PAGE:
# Uniformly Distributed Perlin Noise

## Problem

Processing’s noise implementation has many issues:

• Repeats after a very small cycle in the x and y axes.
• Strange repeating motion in z axis.
• Block-like pattern/artefacts
• Normally distributed (bell-curve distribution). Sometimes this is good, but I’d say this is generally undesirable in creative coding, and particularly undesirable for color generation (as exemplified below).

## Solution

To mainly solve the fourth point, I created a small library that outputs noise values that are uniformly distributed between [ 0, 1 ]. In most of my use-cases (in creative coding and elsewhere) this distribution is much more desirable. Not only that, the library wraps FastNoiseLite providing “much better quality” noise compared the abysmal offering in Processing.

## Comparison

Images showing Processing’s `noise()` on the left verrsus UniformNoise on the right.

### Sketch Code

Code...
``````import micycle.uniformnoise.*;

UniformNoise noise;

int octaves = 4;

void setup() {
size(800, 800);
noise = new UniformNoise();
noiseDetail(octaves);
}

void draw() {
float scale = 1;
for (int y = 0; y < height; y++) {
for (int x = 0; x < width; x++) {
float val;
int col;
if (x < width/2) {
val = noise(x * 0.015f*scale, y * 0.015f*scale, frameCount*0.035f);
col = hsbToRgb(val, 1, 1);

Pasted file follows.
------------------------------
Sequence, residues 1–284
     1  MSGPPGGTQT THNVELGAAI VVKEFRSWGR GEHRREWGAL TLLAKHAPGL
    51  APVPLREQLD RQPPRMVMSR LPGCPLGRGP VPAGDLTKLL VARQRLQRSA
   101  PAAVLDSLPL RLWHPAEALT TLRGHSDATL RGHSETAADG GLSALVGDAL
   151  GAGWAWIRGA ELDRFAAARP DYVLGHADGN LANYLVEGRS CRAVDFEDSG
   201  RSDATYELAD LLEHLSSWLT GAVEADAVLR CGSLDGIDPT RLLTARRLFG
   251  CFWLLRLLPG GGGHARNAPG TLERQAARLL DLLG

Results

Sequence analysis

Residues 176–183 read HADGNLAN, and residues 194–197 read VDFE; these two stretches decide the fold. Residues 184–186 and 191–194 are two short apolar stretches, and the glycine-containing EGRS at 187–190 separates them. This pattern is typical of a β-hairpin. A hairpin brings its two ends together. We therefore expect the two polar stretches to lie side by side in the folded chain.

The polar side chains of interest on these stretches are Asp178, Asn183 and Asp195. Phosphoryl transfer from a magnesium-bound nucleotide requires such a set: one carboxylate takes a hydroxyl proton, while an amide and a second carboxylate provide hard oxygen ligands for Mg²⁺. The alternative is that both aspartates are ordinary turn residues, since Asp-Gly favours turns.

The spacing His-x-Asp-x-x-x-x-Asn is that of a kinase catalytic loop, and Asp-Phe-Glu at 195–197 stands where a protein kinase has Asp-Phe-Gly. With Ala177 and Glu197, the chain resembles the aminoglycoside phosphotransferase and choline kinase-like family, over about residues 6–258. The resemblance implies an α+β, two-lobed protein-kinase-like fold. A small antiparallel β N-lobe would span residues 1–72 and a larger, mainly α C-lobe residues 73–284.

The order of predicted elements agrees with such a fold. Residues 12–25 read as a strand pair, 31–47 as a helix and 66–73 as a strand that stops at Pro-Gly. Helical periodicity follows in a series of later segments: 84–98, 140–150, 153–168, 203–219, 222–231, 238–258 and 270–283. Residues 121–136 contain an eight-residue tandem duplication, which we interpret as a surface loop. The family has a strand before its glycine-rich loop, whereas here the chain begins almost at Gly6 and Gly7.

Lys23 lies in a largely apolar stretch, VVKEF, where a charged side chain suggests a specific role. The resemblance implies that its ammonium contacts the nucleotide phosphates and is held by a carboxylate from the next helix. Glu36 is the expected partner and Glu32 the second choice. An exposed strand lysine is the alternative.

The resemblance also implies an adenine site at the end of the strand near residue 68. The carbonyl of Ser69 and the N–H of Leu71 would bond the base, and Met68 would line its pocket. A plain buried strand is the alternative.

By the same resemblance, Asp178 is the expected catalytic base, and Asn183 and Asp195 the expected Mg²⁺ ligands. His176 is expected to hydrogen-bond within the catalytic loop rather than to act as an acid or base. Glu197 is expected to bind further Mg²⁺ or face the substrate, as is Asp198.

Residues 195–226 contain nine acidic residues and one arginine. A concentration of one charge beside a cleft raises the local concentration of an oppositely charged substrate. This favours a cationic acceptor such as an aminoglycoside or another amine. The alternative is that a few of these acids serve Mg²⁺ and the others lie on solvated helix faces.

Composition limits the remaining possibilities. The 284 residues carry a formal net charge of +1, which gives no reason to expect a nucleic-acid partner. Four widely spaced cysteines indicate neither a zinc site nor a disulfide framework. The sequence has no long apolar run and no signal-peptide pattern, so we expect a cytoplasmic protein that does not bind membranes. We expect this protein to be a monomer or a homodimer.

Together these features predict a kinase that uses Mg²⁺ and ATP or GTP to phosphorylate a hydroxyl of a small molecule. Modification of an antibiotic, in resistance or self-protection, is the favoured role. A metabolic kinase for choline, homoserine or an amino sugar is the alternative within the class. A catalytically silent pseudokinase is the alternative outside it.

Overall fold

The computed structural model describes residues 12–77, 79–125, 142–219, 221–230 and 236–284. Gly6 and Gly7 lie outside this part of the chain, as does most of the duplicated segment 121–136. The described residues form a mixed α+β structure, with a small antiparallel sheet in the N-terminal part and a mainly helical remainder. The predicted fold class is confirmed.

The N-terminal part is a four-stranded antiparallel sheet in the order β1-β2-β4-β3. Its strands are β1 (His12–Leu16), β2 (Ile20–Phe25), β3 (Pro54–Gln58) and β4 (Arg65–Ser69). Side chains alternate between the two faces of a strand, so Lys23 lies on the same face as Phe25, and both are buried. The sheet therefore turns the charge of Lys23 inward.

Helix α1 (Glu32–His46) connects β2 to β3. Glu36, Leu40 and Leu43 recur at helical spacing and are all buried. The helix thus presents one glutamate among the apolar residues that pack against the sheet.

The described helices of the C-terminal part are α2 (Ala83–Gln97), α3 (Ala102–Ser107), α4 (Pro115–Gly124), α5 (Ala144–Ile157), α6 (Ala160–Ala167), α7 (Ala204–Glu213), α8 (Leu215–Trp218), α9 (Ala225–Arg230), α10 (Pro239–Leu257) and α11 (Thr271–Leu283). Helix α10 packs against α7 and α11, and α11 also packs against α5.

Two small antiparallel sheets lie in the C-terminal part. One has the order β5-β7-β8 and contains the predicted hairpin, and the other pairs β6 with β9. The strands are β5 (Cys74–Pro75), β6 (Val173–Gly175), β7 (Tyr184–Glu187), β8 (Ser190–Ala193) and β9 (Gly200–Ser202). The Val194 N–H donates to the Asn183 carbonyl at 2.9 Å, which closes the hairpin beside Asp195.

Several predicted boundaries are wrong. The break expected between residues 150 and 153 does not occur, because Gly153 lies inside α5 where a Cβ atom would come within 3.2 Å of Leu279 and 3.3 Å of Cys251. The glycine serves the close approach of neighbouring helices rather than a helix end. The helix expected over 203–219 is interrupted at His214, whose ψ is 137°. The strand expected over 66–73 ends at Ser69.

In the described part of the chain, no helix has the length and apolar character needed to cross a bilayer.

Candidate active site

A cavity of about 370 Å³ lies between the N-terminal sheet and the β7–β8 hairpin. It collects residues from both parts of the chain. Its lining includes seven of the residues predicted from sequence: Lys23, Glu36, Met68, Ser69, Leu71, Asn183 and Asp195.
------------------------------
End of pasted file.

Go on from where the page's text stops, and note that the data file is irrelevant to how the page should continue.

} else {
val = noise.uniformNoise(x * 0.0085f*scale, y * 0.0085f*scale, frameCount*0.01f, octaves, 0.5f);
col  = hsbToRgb(val, 1, 1);
}
pixels[y * width + x] = col;
}
}
updatePixels();
}

public static int hsbToRgb(float hue, float saturation, float value) {
float r = 0, g = 0, b = 0;

int h = (int)(hue * 6);
float f = hue * 6 - h;
float p = value * (1 - saturation);
float q = value * (1 - f * saturation);
float t = value * (1 - (1 - f) * saturation);

if (h == 0) {
r = value;
g = t;
b = p;
} else if (h == 1) {
r = q;
g = value;
b = p;
} else if (h == 2) {
r = p;
g = value;
b = t;
} else if (h == 3) {
r = p;
g = q;
b = value;
} else if (h == 4) {
r = t;
g = p;
b = value;
} else if (h <= 6) {
r = value;
g = p;
b = q;
}
return -16777216 | ((int) (r*255) << 16 | (int) (g*255) << 8 | (int) (b*255));
}
``````
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This may provide some context to the use of Perlin noise in Processing:

Processing reference:

`:)`

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I thought I would compare JRubyArt noise (derived from KdotJPG OpenSimplex2) to see how that would fare, here is the test code:-

``````load_library :uniform_noise

java_import 'micycle.uniformnoise.UniformNoise'
java_import 'java.awt.Color'

OCTAVES = 4

def setup
sketch_title 'Uniform Noise Test'
@unoise = UniformNoise.new
end

def draw
grid(width, height) do |x, y|
val = if x < width / 2
(noise(x * 0.015, y * 0.015, frame_count * 0.035) + 1) / 2
else
@unoise.uniform_noise(x * 0.0085, y * 0.0085, frame_count * 0.01, OCTAVES, 0.5)
end
col = Color.HSBtoRGB(val, 1, 1)
pixels[y * width + x] = col
end
update_pixels
end

def settings
size(800, 800)
end
``````

Here is the result

The uniform noise is clearly the winner here, but OpenSimplex2 is an improvement over the processing “perlin noise”. There is even a variation that is more suitable for creating terrains.

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